Laborers Union Rejoin AFL-CIO
— The Laborers' International Union is rejoining the AFL-CIO five years after leaving in a bitter dispute that split the U.S. labor movement.
The 800,000-member laborers' union represents workers in the construction industry.
AFL-CIO President Richard Trumka says the move is an important step in helping organized labor become more unified. Mr. Trumka has also reached out to Teamsters President James Hoffa about making a return to the AFL-CIO, and said in a recent interview that he'd be pleased if Change to Win re-affiliated with the AFL-CIO.
Teamster President James Hoffa and AFL-CIO chief Richard Trumka have been foes since Trumka sided against Hoffa in the 1996 Teamsters union election, and got swept into an illegal funding scandal for his trouble. They jab at one another intermittently, most recently when Trumka poked Hoffa for being quicker to accept a compromise on health care.
“Now more than ever, working people and our country need a united union movement,” union General President Terry O’Sullivan said in a statement. “Despite the historic success of the 2008 federal elections, too much is not getting done on Capitol Hill. A united union movement can better focus Congress—and particularly the U.S. Senate—on helping to lead our nation, rather than being locked in inaction.”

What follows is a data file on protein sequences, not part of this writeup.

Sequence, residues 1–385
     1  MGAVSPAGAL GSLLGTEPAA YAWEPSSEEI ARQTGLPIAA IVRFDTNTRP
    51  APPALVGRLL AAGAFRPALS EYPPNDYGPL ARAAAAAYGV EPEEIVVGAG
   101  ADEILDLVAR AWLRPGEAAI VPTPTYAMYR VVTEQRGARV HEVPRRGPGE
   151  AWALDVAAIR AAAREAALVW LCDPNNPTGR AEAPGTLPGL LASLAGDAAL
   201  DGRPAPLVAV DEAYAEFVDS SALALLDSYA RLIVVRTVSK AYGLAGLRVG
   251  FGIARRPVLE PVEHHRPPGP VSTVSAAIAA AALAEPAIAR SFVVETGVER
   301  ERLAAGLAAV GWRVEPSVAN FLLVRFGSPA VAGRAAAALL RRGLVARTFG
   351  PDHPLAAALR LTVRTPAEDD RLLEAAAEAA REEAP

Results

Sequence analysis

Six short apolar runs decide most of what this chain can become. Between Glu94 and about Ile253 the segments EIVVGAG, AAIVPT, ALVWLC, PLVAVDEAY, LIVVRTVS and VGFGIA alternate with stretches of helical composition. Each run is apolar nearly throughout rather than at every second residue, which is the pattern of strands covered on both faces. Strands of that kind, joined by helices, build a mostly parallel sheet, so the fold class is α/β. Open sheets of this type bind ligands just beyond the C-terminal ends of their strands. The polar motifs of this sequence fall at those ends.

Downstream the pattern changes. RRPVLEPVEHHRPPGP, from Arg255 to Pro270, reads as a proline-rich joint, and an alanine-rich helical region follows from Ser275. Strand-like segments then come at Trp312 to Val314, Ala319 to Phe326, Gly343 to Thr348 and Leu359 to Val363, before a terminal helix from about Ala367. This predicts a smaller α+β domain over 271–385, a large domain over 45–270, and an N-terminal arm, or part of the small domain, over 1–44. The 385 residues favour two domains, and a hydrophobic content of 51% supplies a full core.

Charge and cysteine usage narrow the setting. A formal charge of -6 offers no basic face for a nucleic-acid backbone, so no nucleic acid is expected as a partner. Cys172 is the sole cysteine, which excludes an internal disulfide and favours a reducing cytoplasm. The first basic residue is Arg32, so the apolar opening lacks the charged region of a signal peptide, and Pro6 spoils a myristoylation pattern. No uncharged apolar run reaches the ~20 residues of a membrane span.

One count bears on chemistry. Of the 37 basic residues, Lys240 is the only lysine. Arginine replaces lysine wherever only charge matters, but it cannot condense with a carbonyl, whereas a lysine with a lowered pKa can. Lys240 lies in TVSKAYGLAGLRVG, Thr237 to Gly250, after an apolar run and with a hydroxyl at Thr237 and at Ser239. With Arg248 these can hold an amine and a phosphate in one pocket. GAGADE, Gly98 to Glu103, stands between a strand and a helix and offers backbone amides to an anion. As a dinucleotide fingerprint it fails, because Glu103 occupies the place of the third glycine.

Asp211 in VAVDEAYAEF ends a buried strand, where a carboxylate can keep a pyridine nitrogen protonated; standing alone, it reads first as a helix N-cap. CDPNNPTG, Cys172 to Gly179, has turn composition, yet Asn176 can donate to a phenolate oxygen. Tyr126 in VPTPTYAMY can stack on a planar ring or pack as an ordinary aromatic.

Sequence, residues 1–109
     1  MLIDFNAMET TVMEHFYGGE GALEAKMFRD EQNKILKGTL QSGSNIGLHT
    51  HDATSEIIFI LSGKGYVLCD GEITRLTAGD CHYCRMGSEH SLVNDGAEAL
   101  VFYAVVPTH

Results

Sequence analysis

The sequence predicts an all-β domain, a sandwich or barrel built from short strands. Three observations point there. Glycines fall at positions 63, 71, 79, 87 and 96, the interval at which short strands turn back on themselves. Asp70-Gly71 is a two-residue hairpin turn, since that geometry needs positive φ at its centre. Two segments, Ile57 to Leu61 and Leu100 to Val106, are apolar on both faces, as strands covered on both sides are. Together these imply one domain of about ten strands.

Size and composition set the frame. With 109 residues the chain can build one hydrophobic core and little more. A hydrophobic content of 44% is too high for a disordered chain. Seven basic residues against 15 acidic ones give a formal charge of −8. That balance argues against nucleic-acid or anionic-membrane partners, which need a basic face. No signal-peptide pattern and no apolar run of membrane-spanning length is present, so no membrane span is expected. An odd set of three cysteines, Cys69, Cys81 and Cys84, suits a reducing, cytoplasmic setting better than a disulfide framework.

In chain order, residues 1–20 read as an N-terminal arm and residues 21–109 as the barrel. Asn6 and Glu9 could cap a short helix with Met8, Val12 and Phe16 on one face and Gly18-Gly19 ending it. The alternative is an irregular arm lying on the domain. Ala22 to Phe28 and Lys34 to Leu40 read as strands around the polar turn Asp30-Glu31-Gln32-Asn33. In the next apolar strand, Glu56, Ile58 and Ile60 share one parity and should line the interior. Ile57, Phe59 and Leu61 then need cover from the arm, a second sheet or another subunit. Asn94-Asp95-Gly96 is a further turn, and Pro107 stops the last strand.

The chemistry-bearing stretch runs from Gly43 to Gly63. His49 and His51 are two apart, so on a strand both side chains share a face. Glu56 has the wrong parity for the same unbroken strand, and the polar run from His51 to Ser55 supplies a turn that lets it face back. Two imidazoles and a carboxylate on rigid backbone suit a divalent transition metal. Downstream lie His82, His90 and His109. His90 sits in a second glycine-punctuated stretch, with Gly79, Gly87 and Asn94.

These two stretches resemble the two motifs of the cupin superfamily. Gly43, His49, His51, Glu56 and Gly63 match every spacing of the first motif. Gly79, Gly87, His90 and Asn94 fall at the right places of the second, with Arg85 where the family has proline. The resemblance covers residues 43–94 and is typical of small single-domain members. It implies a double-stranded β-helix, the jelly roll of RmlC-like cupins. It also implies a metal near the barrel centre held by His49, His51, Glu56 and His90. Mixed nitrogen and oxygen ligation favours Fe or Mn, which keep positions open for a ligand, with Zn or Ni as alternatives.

The Laborers and five other unions left the AFL-CIO amid complaints that the nation's largest labor federation focused too much on politics and not enough on organizing new members. Those breakaway unions formed the Change to Win federation in 2005, and was led by the Service Employees International Union under its then President Andy Stern. Mr. Stern stepped down as SEIU president earlier this year.
Last week, Change to Win's longtime chair, Anna Burger, retired from her post. Ms. Burger also retired as secretary-treasurer for the Service Employees International Union, ending a 38-year career with the union just four months after she pulled out of a race for the SEIU presidency.
The new SEIU president, Mary Kay Henry, has said that the SEIU remains committed to Change to Win, but also that she'll work to strengthen ties with the AFL-CIO's members and help "forge a united labor voice."
The Laborers are the second union to return to the AFL-CIO. Last year, the union of hotel, restaurant and clothing workers known as UNITE HERE rejoined.